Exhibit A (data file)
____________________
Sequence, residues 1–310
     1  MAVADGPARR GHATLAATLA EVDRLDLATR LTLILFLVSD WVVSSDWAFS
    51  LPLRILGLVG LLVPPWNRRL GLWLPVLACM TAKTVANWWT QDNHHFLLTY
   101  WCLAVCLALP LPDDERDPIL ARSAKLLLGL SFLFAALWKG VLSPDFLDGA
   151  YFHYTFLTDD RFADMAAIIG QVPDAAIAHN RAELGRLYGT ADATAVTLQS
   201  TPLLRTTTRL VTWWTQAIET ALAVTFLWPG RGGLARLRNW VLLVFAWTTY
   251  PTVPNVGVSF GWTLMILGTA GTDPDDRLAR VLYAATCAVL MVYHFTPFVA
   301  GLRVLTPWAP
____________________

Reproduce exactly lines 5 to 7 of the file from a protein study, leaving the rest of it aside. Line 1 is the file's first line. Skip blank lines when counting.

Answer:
   151  YFHYTFLTDD RFADMAAIIG QVPDAAIAHN RAELGRLYGT ADATAVTLQS
   201  TPLLRTTTRL VTWWTQAIET ALAVTFLWPG RGGLARLRNW VLLVFAWTTY
   251  PTVPNVGVSF GWTLMILGTA GTDPDDRLAR VLYAATCAVL MVYHFTPFVA